The following usage is sometimes equivalent:

          sed 'command-1;command-2'

but Posix says that this use of a semicolon has undefined effect if command-1's verb is ‘{’, ‘a’, ‘b’, ‘c’, ‘i’, ‘r’, ‘t’, ‘w’, ‘:’, or ‘#’, so you should use semicolon only with simple scripts that do not use these verbs.

Commands inside { } brackets are further restricted. Posix says that they cannot be preceded by addresses, ‘!’, or ‘;’, and that each command must be followed immediately by a newline, without any intervening blanks or semicolons. The closing bracket must be alone on a line, other than white space preceding or following it.

Contrary to yet another urban legend, you may portably use ‘&’ in the replacement part of the s command to mean “what was matched”. All descendants of Unix version 7 sed (at least; we don't have first hand experience with older sed implementations) have supported it.

Posix requires that you must not have any white space between ‘!’ and the following command. It is OK to have blanks between the address and the ‘!’. For instance, on Solaris:

          $ echo "foo" | sed -n '/bar/ ! p'
          error-->Unrecognized command: /bar/ ! p
          $ echo "foo" | sed -n '/bar/! p'
          error-->Unrecognized command: /bar/! p
          $ echo "foo" | sed -n '/bar/ !p'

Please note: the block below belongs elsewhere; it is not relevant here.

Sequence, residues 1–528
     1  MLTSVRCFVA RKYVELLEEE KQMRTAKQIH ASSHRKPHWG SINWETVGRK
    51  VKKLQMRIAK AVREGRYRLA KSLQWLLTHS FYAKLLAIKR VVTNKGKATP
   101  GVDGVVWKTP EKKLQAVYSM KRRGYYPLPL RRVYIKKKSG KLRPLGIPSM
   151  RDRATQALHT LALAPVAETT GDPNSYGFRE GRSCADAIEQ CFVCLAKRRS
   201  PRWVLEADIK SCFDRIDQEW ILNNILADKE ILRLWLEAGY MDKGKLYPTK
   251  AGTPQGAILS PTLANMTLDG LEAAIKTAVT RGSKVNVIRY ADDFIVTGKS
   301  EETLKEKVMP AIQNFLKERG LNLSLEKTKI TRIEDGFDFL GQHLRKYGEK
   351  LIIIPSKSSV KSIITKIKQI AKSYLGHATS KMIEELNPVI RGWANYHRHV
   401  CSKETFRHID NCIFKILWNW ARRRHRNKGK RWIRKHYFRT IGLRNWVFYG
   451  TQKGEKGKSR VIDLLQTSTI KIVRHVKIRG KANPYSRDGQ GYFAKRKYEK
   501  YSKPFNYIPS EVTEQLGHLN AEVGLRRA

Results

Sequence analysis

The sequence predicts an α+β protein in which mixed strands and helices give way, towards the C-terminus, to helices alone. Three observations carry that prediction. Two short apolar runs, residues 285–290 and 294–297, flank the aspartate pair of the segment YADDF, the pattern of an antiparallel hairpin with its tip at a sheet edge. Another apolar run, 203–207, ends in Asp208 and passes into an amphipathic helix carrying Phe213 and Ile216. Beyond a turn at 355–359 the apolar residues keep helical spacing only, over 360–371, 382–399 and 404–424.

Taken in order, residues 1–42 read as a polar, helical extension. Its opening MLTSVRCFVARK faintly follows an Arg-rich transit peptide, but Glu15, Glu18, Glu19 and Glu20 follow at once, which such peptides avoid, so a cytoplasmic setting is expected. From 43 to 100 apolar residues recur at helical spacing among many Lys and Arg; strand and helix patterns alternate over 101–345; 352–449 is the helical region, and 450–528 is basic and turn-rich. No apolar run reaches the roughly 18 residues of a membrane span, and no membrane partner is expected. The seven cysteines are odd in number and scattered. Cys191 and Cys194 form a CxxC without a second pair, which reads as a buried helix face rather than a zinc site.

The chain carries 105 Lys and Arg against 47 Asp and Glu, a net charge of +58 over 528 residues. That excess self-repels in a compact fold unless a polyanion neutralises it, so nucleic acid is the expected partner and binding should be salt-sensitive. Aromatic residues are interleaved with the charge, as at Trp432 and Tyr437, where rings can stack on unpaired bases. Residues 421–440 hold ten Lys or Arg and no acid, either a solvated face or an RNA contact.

Posix also says that you should not combine ‘!’ and ‘;’. If you use ‘!’, it is best to put it on a command that is delimited by newlines rather than ‘;’.

Also note that Posix requires that the ‘b’, ‘t’, ‘r’, and ‘w’ commands be followed by exactly one space before their argument. On the other hand, no white space is allowed between ‘:’ and the subsequent label name.

sed (‘t’)
Some old systems have sed that “forget” to reset their ‘t’ flag when starting a new cycle. For instance on MIPS RISC/OS, and on irix 5.3, if you run the following sed script (the line numbers are not actual part of the texts):
          s/keep me/kept/g  # a
          t end             # b
          s/.*/deleted/g    # c
          :end              # d


          delete me         # 1
          delete me         # 2
          keep me           # 3
          delete me         # 4

you get

          delete me

instead of


Why? When processing line 1, (c) matches, therefore sets the ‘t’ flag, and the output is produced. When processing line 2, the ‘t’ flag is still set (this is the bug). Command (a) fails to match, but sed is not supposed to clear the ‘t’ flag when a substitution fails. Command (b) sees that the flag is set, therefore it clears it, and jumps to (d), hence you get ‘delete me’ instead of ‘deleted’. When processing line (3), ‘t’ is clear, (a) matches, so the flag is set, hence (b) clears the flags and jumps. Finally, since the flag is clear, line 4 is processed properly.

There are two things one should remember about ‘t’ in sed. Firstly, always remember that ‘t’ jumps if some substitution succeeded, not only the immediately preceding substitution. Therefore, always use a fake ‘t clear’ followed by a ‘:clear’ on the next line, to reset the ‘t’ flag where needed.

Secondly, you cannot rely on sed to clear the flag at each new cycle.

One portable implementation of the script above is:

          t clear
          s/keep me/kept/g
          t end

If you specify the desired timestamp (e.g., with the -r option), touch typically uses the utime or utimes system call, which can result in the same kind of timestamp truncation problems that ‘cp -p’ has.